ALBUQUERQUE — Get a load of the new kid, out there kickin’ tail and takin’ names.
These new kids, though, they aren’t supposed to be this good, not in a team-sport kind of way.
The New Mexico United are taking a page out of recent hockey history and redefining the way we look at expansion franchises in professional sports. The general rule? Teams fresh out of the nursery are destined to struggle because they’re built from the scraps of older teams. The borderline players who may have had a shot with someone else are suddenly the cream of the crop to the clubs birthing before our eyes.
The United are, in that regard, bucking the trend. New Mexico’s Albuquerque-based franchise is off to a 6-2-7 start with Saturday night’s 3-1 loss at home to Sacramento Republic FC but still own the best record in the United Soccer League’s Western Conference standings. There are 19 regular season matches left, not including whatever’s left in the ongoing U.S. Open Cup that has the United headed to Denver on Wednesday to face the Colorado Rapids of Major League Soccer.
Saturday night’s match at Isotopes Park was, as has been the norm lately, a sellout with an announced crowd of 14,780. Not a blade of grass was visible in the berm beyond right field and only a handful of presold seats in the rest of the stadium sat empty.
Fans have fallen in love with the team, and the team has responded by becoming one of the great success stories in professional soccer.
“I think what Troy did here was come into a situation where he knew what kind of players he wanted and knew how to get them here,” said United midfielder Daniel Bruce, referring to New Mexico head coach Troy Lesesne.
Hired in the offseason to construct a roster willing to come to Albuquerque for a shot at building something out of nothing, Lesesne leaned on his experience on the other side of the country to put together the core of his club. Formerly employed by the USL’s Charlotte Independence, he dug deep into his North Carolina ties to form the United.
Eight current players either attended college or played some level of professional soccer in Charlotte, including Bruce and his former UNC-Charlotte teammate, Tommy Madden. Both of them (Bruce is from England, Madden from Baltimore) had minimal exposure to the Land of Enchantment before signing their first professional contracts with the United. Each played against the now-defunct University of New Mexico men’s soccer team, but never thought they’d see the kind of energy the city has cultivated for the United.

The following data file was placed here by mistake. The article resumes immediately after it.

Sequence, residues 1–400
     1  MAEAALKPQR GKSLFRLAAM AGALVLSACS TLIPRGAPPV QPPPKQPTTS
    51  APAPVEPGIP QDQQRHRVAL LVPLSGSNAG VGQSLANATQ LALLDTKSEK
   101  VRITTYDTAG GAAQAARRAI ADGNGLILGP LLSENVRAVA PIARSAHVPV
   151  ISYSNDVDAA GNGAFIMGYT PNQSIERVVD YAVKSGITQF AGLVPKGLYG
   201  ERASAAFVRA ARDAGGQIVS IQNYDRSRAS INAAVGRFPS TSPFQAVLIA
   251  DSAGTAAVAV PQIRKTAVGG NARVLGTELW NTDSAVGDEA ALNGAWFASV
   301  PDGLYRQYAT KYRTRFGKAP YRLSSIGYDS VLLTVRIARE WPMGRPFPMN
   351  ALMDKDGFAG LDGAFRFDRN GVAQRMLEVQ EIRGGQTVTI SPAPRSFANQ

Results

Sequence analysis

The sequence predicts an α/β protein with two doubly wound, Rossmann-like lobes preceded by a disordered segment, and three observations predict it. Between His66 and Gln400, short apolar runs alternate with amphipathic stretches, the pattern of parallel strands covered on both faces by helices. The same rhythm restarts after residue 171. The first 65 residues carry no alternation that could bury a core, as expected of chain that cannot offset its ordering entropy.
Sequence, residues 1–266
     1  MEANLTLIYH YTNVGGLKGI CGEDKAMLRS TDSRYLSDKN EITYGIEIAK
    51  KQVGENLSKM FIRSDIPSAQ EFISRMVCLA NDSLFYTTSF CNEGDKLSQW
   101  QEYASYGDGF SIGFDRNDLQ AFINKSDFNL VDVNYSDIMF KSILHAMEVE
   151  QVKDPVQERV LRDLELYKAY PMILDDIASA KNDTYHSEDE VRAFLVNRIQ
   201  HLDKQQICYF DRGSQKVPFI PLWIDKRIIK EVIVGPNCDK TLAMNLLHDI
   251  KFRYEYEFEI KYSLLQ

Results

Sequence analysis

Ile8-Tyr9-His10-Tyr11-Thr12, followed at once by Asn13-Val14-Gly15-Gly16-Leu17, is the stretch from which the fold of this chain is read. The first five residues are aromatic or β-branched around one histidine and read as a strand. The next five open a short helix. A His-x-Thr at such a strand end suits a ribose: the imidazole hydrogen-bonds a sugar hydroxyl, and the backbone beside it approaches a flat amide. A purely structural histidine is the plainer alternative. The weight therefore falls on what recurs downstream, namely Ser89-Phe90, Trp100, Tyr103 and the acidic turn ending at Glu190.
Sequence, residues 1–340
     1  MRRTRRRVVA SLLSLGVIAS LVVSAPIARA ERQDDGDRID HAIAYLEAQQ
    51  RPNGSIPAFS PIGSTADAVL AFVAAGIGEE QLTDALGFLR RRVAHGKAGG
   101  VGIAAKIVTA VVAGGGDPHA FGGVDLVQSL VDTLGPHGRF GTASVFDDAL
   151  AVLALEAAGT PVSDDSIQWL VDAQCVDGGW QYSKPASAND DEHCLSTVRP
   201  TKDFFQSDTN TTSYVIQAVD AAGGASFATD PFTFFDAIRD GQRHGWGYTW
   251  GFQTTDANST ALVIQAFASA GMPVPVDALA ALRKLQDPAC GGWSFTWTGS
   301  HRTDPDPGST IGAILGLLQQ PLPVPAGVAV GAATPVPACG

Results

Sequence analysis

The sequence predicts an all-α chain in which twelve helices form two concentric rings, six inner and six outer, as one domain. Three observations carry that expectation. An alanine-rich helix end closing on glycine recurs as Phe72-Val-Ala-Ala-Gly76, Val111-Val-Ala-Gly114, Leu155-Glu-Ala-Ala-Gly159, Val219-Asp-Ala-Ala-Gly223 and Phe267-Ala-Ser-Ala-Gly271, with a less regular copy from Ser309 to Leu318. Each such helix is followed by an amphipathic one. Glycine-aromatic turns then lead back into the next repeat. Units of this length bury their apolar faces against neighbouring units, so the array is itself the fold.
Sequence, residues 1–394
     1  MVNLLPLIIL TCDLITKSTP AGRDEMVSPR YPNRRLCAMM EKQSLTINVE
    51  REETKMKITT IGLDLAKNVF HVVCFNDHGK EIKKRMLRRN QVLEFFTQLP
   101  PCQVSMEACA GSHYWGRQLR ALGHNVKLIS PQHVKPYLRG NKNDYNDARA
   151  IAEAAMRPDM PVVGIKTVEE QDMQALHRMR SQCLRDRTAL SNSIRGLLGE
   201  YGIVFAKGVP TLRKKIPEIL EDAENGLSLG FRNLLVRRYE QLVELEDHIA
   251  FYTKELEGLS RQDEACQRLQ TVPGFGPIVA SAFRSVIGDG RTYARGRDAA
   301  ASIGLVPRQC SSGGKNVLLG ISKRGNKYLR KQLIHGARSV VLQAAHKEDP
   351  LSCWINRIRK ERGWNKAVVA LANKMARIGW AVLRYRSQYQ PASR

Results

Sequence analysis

“There is such a unique togetherness about the community, there’s a willing and a want to get behind something that I’ve never quite seen before anywhere, and I’ve lived in a number of places around this world,” Bruce said.
“There are so many teams where I’m from, from the local teams to the big clubs like Manchester United, that the support is often spread out. Here, not only is there just one professional soccer team, we’re pretty much the only team anywhere around here. It makes the atmosphere something I’ve never seen before,” he added.
There’s a lot to love.
The United have the top-two goal scorers in the league with Kevaughn Frater (10 goals) and Santi Moar (9).
They also have one of the premier goaltenders in Cody Mizell, not to mention New Mexico connections like Justin Schmidt, Josh Suggs, Josh Goss, Chris Wehan and Devon Sandoval.
There’s certainly a new-car smell to the team, mixed with plenty of talent and just enough local flair to allow the momentum to build with each passing game.
Team officials are optimistic it will remain this way, savoring every bit of success that comes along.
History has shown that expansion teams are meant to experience growing pains. Even approaching a .500 in Year 1 is considered a rousing success. The NBA’s first expansion team was also its best; the Chicago Bulls made the playoffs the year they entered the league.
The Los Angeles Angels still own baseball’s best winning percentage for a first-year club, winning 71 games.
The NFL’s Carolina Panthers went 7-9 the year they were founded.
The breakthrough came last year in the NHL when the expansion Vegas Golden Knights won three-fourths of their games and made it all the way to the Stanley Cup Final.
Whether or not the United can continue their run remains to be seen. The toughest part of the season lies in wait; the team doesn’t play at home again until July 31, so the war of attrition will have to be won on the road for the next six weeks.
For now, all signs are positive.